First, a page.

Henry III (1216-1272), Penny, 1.44g., Voided Long Cross Coinage, Class 3b, (1248-1250), London - Nicole, crowned facing bust of Henry, i.m. star, HENRICVS REX III, rev., voided long cross with trefoil of pellets in each angle, NICOLE ON LVND, [Nicholas of St. Albans] (N.987; S.1363)
Provenance: Old Spink stock ticket in the hand of Douglas G. Liddell (1918/9-2003, see info below).
Ex Stepengley/Steppingley Church Hoard, Bedfordshire, September 1912.
(deposition c. CE 1270 according to Michael Dolley & W.A. Seaby “The Anomalous Long Cross Coins in the Anglo-Irish Portion of the Brussels Hoard” p. 294, Mints, Dies and Currency: Essays Dedicated to the Memory of Albert Baldwin By R. A. G. Carson, 2006)
Hoard consisted of 518 coins (2 Short Cross, 485 Voided Long Cross, 13 Irish Voided Long Cross, 16 Scottish Voided Long Cross and Stars, 2 Lippe Sterling imitations), found in the Church of St. Lawrence at Steppingley, (Thompson Directory #342, also NC 1914).
Tomb of Henry III at Westminster Abbey
St Lawrence Church , Steppingley
The church of St. Lawrence, rebuilt in 1860 by the Duke of Bedford and the rector, is a building of local sandstone in the Early Decorated and Perpendicular styles, consisting of chancel, nave, north aisle and a tower containing 4 bells : it is seated with open oak benches for 240 persons. The register dates from 1562, but is continuous only from 1647.
13th Century: The church consisted of a chancel, nave, north and south porches and west tower. It was said to be the smallest church in the county. The Gentleman's Magazine of 1849 said "it is probably the smallest in the county with a low tower not rising above the neighbouring hayricks."
1858-60: The east wall of the chancel collapses and brings down most of the church with it. The Duke of Bedford agreed to rebuild the church and commissioned Henry Clutton. Work began in December 1858 and the new church was opened on the 19th October 1860.
1912: During restoration work on the church a hoard of 13th century silver coins were found beneath the chancel floor.
from: Lawrence, L.A. & Brooke, G.C. “The Steppingley Find of English Coins” Numismatic Chronicle 1914 (page. 60)[ full article pp. 60-76] This coin falls under types 231-258 listed in the catalogue of which there were six of this variety noted.
Douglas G. Liddell (1918/9-2003)
Mr Liddell was a former Managing Director of Spink and one of the biggest influences in British Numismatics, from his induction into Spink in 1946 right through to retirement in December 1987. He was made a Director of the company on the 1st June 1965 and Managing Director from 1977.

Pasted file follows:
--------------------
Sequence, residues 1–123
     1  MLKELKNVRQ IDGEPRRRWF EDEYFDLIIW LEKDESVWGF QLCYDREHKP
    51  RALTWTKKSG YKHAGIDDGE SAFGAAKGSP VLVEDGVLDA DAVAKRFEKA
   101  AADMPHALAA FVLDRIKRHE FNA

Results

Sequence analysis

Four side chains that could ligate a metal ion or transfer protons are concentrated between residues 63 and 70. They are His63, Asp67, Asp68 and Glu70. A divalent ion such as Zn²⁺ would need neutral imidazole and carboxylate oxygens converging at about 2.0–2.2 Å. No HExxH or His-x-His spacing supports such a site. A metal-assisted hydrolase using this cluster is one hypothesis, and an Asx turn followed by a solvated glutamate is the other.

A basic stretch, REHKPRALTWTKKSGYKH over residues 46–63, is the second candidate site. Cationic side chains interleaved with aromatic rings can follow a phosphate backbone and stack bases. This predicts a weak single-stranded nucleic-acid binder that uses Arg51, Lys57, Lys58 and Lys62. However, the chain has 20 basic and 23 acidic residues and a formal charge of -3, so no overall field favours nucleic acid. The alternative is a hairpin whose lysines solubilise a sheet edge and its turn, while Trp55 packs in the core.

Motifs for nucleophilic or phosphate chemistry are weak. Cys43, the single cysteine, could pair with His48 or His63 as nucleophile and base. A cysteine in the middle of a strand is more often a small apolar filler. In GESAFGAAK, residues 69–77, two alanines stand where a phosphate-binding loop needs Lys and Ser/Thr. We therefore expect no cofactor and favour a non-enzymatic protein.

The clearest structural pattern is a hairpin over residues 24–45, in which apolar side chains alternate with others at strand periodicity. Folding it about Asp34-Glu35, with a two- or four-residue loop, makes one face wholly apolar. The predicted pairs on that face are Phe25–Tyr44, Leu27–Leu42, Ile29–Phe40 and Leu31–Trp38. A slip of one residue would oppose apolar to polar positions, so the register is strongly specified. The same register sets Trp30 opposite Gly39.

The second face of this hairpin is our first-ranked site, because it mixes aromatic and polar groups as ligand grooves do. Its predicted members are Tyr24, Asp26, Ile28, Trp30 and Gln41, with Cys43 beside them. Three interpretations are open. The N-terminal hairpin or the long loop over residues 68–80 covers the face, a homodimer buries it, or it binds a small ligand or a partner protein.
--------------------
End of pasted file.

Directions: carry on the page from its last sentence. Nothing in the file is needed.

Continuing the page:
Henry VI, first reign 1422-1461
AR Groat, 25 mm, 3.4 g,
mint Annulet issue 1422-1427 Calais
North 1424; SCBC 1836
O: Crowned facing bust in tressure of arches; pine cone stops, +HENRIC' DI' GRA' REX ANGLIE Z FRANC
R: Long cross; three pellets in each quarter. VILLA CALISIE, double saltire stops, POSVI DEVM ADIVTORE MEVM
Auction notes: Near Fine, toned
Ex: Reigate Hoard (closed after 1455 likely during the War of the Roses), 1990
Ex: Glendining & Co, 8 December 1992
Ex: VAuctions 237, lot 85 (closed 19 November 2009)
REIGATE HOARD OF
In 1985 Roger Minty took up metal detecting and living in
Reigate already knew of a hoard of 987 medieval coins which had been discovered there in 1972. For five years Roger carried on his hobby finding the usual everyday items such as musket balls, buttons, rings and various other items. On Saturday 22nd September 1990 Roger had two hours to kill before it went dark and so decided to go to a nearby field. A medieval trackway ran about 50 yards away and as the field was shortly to be developed, Roger felt it was worth 'one last go'. Almost as soon as he started detecting Roger picked up a massive signal but thought his detector had gone out of tune. He retuned the machine and moved on. After an hour or so he'd found nowt but junk and found himself over the massive signal again. This time he decided to dig the signal, it was going dark and he didn't have time for more detecting anyway. Six inches down he encountered hard cracked clay and carefully removed two blocks. He removed more earth and bits of pottery then found two medieval groats. Pulling away at the pottery in the hole revealed masses of coins stacked vertically in concentric circles at the botom of the hole. It was a medieval coin hoard. By 10.45 pm that night Roger had a heavy bucketful of medieval coins, silver and gold, containing about 2500 coins! Roger and the local archaeologist spent all the next day digging and checking the hole. In all they retrieved 6,701 coins, 135 gold and the rest silver. The hoard dated from 1272 to 1455 (as did the 1972 hoard) and contained gold nobles, half-nobles and quarters and silver groats, half-groats and pennies. It is the largest post-1351 hoard on record. One coin, a Henry 6th Leaf Trefoil half-noble, was previously unrecorded. Also in the hoard were 10 French gold saluts, 21 Scottish silver coins and 6 other non-English issues. UK
Edward I (1272-1307), Penny, 1.15g., 2nd Coinage, Dublin mint, (S.6246-6253), poor
Ex: Llanddona Hoard cf.
http://yorkcoins.com/llanddona_hoard.htm for more info.
Elizabeth I (1558-1603)
AR Shilling (31 mm, 5.37g) Second Issue 1560-1561, Tower mint, m.m. Martlet, bust 3C
S. 2555 v
O: ELIZABETH DG ANG FRA ET HIB REGINA crowned bust left
R: POSVI DEV. ADIVTOREM MEV. large cross over COA
AR Half Groat, 16 mm 1.03 g. fifth issue, c. 1590-1592 mm hand
O: E.D.G. ROSA SINE SPINA, crowned bust left, two pellets behind
R: CIVITAS LONDON, shield on long cross fourchée